Insomnia, which is trouble falling asleep or staying asleep, or waking up too early, is a problem most of us have experienced. Usually it lasts a few days or weeks, and may be related to increased stress or illness.
But more than 35 million Americans suffer from chronic insomnia, and most never tell their doctor about it.
Chronic insomnia is often related to psychiatric disorders such as depression or anxiety. Many medical problems can also disrupt sleep, including breathing problems such as asthma or emphysema, obstructive sleep apnea, heart failure, gastroesophageal reflux, chronic pain, and restless legs syndrome.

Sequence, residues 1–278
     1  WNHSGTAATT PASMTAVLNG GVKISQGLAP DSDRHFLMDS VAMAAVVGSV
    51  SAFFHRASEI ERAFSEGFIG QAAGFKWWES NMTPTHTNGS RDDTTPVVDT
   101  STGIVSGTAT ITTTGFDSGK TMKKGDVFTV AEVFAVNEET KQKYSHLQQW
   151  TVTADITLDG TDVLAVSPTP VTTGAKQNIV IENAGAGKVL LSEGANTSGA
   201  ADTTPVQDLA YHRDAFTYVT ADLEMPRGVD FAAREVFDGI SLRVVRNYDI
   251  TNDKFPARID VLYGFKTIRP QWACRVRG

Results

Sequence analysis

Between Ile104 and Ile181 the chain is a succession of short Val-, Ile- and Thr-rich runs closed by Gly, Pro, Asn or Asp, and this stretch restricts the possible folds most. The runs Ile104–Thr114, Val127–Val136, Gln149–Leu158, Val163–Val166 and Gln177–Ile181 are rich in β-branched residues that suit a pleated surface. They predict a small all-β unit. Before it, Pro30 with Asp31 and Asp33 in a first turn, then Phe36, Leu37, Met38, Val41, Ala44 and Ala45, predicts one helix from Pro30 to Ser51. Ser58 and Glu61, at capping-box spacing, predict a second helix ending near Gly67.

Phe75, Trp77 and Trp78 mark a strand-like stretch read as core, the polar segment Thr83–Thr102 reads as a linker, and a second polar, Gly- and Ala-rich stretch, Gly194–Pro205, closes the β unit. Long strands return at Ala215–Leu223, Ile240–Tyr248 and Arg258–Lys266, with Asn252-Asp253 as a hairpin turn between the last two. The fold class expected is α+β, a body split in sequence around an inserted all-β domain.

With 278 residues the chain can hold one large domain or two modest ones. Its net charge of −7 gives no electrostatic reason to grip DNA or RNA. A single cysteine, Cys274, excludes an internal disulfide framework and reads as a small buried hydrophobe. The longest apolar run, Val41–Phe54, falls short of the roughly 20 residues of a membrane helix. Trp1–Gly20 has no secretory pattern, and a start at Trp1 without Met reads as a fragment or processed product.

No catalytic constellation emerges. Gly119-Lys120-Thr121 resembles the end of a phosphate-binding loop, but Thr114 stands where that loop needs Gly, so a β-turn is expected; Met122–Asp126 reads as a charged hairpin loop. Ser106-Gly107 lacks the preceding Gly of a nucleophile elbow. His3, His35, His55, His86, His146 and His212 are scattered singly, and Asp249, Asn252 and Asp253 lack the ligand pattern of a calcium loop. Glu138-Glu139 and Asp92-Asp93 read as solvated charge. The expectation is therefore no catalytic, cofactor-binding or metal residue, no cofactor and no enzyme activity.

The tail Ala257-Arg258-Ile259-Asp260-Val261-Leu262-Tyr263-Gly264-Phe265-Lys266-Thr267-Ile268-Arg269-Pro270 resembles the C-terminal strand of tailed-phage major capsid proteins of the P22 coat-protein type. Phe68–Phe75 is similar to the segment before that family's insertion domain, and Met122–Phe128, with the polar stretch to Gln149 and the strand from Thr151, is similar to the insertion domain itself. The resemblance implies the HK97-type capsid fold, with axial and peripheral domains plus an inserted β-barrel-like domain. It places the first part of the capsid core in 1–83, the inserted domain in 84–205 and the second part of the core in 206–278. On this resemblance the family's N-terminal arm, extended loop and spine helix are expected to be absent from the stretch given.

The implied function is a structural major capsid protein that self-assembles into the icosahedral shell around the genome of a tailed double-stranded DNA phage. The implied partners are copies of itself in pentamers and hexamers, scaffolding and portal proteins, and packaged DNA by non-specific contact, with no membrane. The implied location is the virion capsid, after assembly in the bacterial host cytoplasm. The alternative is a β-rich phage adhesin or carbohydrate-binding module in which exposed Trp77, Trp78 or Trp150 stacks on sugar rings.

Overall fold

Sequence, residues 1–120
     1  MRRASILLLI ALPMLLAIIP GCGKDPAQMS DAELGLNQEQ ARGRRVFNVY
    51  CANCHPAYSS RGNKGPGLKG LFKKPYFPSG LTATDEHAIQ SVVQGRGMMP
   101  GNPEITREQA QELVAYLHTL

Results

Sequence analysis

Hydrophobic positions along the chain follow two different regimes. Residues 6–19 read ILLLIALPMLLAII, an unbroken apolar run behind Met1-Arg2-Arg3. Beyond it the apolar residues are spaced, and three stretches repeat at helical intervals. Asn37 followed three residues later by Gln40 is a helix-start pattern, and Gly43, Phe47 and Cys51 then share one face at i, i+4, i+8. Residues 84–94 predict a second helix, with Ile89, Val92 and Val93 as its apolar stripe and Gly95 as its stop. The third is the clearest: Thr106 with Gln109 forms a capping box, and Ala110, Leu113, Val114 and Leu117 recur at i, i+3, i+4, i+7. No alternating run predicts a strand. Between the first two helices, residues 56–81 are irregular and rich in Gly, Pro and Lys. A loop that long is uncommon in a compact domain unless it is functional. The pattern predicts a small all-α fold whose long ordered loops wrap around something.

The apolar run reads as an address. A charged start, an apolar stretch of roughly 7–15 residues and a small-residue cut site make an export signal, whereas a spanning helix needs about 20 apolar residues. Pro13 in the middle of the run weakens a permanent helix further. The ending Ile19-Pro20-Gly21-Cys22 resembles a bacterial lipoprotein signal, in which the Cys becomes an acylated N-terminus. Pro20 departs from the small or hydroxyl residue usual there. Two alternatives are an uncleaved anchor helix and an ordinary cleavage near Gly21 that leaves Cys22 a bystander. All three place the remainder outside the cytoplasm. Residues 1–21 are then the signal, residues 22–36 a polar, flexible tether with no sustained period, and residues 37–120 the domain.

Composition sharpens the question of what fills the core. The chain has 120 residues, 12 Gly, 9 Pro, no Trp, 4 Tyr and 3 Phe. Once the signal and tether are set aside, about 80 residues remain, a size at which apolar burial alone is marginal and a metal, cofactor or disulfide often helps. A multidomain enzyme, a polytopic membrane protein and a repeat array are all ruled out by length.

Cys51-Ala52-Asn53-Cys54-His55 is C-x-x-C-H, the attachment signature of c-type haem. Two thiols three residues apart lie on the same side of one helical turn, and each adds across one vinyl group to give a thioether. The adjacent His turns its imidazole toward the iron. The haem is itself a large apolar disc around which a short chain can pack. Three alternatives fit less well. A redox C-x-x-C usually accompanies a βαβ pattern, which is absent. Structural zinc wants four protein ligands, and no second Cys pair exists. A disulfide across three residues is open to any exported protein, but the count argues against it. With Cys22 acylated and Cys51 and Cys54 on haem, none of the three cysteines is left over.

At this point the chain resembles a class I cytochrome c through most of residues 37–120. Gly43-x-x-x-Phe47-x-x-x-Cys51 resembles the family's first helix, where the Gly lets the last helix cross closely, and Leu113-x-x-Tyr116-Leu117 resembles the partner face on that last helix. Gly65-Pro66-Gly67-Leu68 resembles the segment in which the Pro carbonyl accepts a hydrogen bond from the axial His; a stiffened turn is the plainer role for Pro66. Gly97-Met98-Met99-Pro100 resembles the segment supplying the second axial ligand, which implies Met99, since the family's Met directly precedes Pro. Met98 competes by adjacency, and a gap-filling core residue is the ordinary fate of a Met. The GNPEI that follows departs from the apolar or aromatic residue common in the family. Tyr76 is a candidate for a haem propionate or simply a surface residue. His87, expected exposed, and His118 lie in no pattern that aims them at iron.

Stimulants such as caffeine and nicotine, and many commonly used medications can interfere with sleep.
If your sleep has been disturbed for more than a month, talk to your health care provider. Effective treatments are available, including medications and cognitive-behavioral therapy.